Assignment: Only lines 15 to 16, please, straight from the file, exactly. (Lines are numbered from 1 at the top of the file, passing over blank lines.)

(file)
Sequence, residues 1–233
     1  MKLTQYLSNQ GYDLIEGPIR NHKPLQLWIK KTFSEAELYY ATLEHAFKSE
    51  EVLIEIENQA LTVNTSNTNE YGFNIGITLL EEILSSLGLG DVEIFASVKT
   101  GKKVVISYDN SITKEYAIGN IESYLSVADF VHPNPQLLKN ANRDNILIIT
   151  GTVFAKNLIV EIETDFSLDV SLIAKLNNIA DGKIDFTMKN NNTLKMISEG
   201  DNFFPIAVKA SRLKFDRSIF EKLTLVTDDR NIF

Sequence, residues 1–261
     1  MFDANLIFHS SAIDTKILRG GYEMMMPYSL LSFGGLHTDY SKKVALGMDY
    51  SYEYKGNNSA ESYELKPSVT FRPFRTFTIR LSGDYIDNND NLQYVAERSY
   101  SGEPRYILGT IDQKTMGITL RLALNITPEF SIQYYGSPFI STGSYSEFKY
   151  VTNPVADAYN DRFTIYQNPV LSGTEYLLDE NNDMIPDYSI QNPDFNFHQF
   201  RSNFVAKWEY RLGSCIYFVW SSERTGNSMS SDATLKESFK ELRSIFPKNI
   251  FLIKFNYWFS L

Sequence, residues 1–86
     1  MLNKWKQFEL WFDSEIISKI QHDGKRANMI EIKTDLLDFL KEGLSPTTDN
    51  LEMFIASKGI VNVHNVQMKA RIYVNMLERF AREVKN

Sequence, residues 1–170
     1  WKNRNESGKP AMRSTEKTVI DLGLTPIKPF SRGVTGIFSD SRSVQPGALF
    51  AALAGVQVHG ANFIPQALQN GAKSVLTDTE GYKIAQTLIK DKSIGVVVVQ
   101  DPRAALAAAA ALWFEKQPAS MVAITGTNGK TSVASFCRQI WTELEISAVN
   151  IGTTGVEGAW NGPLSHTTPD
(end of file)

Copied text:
     1  MLNKWKQFEL WFDSEIISKI QHDGKRANMI EIKTDLLDFL KEGLSPTTDN
    51  LEMFIASKGI VNVHNVQMKA RIYVNMLERF AREVKN